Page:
Albert Irvin RA OBE (1922-2015) was one of Britain’s most important post-war painters and printmakers. He is best known for his large-scale abstract colourist paintings - some of the most distinctive to have ever been produced in this country. In 1959, Irvin visited an exhibition called The New American Painting at Tate. It brought the boldest and best new artistic talent from across the Atlantic to London. The exhibition redefined what was possible for a generation of British artists.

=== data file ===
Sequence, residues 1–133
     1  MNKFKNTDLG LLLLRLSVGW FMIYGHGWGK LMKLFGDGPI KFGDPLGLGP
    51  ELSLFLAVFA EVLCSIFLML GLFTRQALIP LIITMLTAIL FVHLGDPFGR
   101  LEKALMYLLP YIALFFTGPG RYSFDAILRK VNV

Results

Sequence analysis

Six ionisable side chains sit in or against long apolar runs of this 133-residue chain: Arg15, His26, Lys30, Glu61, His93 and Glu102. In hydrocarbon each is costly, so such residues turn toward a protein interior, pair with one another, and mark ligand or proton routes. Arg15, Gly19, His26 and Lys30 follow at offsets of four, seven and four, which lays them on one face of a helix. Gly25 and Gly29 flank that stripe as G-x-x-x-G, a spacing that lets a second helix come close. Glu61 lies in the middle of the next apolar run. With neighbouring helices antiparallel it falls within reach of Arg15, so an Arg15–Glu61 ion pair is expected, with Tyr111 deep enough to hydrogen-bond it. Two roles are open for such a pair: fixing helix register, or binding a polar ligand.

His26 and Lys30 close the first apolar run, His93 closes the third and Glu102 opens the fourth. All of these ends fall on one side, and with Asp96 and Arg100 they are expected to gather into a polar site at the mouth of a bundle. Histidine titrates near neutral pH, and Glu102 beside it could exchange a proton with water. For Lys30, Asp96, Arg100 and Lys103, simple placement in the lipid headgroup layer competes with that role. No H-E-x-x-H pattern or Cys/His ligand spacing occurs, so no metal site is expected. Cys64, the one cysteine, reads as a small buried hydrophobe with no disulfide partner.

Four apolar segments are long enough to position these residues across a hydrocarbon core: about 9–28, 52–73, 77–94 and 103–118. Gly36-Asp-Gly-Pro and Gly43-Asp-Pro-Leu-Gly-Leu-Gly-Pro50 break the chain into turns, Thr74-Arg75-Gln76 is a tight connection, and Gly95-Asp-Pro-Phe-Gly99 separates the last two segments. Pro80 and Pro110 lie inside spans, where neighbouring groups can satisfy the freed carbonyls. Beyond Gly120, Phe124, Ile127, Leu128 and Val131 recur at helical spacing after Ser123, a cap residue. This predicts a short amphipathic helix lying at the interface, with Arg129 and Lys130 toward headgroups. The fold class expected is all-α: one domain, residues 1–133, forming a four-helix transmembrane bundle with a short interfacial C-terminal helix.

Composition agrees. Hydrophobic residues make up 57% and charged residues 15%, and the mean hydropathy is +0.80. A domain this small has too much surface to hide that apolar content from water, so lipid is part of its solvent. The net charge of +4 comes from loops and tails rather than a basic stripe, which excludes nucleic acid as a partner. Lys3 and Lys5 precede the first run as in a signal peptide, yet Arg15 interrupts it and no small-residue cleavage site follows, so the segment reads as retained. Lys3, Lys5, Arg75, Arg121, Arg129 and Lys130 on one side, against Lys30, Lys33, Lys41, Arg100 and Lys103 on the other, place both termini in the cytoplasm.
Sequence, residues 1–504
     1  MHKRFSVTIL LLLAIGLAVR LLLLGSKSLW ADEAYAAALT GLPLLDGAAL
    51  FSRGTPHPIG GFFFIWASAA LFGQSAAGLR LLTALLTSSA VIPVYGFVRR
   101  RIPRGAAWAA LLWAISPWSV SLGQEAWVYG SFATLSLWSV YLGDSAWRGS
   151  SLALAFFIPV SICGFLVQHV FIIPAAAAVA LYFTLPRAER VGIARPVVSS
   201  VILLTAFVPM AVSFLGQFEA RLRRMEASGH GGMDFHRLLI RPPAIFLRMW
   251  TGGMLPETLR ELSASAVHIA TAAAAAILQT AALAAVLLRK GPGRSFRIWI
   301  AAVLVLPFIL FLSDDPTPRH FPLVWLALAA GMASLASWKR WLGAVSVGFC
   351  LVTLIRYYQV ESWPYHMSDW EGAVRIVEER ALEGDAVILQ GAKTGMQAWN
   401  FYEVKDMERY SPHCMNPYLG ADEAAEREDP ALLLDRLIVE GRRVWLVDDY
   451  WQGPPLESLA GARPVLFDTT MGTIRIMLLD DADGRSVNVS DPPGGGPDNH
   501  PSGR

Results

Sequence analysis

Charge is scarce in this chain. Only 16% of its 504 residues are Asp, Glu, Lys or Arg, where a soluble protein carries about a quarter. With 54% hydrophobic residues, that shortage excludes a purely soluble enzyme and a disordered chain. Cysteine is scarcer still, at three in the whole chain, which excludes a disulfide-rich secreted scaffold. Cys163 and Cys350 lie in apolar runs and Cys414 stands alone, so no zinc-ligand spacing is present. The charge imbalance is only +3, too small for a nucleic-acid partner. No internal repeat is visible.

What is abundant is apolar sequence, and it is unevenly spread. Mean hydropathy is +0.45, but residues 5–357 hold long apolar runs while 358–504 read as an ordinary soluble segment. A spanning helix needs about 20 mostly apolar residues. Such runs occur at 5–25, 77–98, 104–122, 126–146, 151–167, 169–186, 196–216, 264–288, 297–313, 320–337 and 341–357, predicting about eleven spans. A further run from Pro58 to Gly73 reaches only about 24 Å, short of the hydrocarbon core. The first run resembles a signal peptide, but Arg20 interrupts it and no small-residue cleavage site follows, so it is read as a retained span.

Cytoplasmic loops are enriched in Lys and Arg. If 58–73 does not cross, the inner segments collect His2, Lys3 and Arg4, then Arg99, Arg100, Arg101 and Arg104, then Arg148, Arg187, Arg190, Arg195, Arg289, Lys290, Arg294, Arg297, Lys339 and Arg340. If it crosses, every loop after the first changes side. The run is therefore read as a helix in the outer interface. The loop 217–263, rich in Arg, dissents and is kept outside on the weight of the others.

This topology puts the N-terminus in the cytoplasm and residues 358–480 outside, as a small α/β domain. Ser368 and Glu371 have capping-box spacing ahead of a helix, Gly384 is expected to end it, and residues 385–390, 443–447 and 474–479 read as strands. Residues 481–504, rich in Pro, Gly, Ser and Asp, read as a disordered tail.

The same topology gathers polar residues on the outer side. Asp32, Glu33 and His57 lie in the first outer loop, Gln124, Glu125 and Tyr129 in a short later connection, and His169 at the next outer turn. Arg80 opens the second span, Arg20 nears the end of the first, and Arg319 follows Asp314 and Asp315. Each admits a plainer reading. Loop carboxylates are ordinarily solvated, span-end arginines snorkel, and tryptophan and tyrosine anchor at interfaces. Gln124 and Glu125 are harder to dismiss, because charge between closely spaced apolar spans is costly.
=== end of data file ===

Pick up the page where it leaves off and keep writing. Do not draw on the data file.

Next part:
For Irvin, it was an epiphany.
Albert Irvin and Abstract Expressionism will bring together works by Irvin and the major abstract expressionist artists that inspired him, including Jackson Pollock, Willem de Kooning, Robert Motherwell, Grace Hartigan, Barnett Newman, Sam Francis and Adolph Gottlieb. These will be shown alongside other UK abstract artists, such as Peter Lanyon, Basil Beattie, Gillian Ayres, John Hoyland, Sandra Blow and John Eaves. The show will also chart Irvin’s earlier practice in a room featuring the British ‘Kitchen Sink’ artists including Edward Middleditch, John Bratby and Peter Coker.